I lived like this. I held emotions far from my soul, which lead to holding others far from my soul, which eventually lead to forgetting who I really was and really wanted to be. I compartmentalized feelings and emotions until there were pieces of me. Through therapy and hard work, I began to become integrated in my thoughts, feelings, and heart. That doesn’t mean that the work is over. To embody life, one must be thoughtful and purposeful.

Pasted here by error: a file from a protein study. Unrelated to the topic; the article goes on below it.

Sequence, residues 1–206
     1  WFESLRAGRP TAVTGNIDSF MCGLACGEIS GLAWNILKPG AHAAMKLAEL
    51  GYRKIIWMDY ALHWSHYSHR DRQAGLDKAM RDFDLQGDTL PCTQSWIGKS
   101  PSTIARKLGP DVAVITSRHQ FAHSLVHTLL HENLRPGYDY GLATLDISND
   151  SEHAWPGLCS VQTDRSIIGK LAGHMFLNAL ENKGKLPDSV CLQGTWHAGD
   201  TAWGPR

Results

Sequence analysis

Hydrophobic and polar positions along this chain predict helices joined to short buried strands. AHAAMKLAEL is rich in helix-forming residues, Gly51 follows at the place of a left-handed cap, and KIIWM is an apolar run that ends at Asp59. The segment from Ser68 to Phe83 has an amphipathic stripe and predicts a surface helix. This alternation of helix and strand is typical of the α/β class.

One practice to help me fully embody life is prayer beads. I chose to buy a necklace so that I could wear it on days I knew I was wanting to push emotions and experiences away. My prayer beads are made of wood and stone beads. The weight of the necklace reminds me to hold and treasure my emotions and experiences and not allow them to quietly pass by without leaving the lesson and peace they were meant to bring. There are thirty stones on the strand, the number of seconds I like to soak in my moments. While living my day I will pause when something exceptional has happened; a genuine smile from a stranger, a kind word from a loved one, a butterfly circling my body until it flutters away. I will start with the top stone bead and think about and treasure the divine moment. I will take a deep inhale, taking the moment in fully, and then a slow exhale feeling the emotion sink into my body allowing my whole self to experience the emotion. I continue to do that with each bead until I have experienced the moment fully, allowing a simple second to embody me, and soak into my soul and heart. And while I will do this exercise with positive, or safe, emotions quickly, I am beginning to do it with some of the harder emotions as well. Just the other day, my heart was breaking as I thought of my brother that passed away this summer. I took my prayer beads between my fingers and thought of him. With each touch of the bead and each dedicated breath, I remembered him. I remembered things that brought me joy and things that brought me sadness and pain. I let it all soak in, feeling it all down to my toes. And while this moment didn’t leave me with the same exuberance that the moment of the butterfly brought me, it did empower me and bring hope. You see, I not only survived my moment of grief, I thrived in it. I felt a connectedness to those who have gone before me. This moment of painful death brought hopeful life.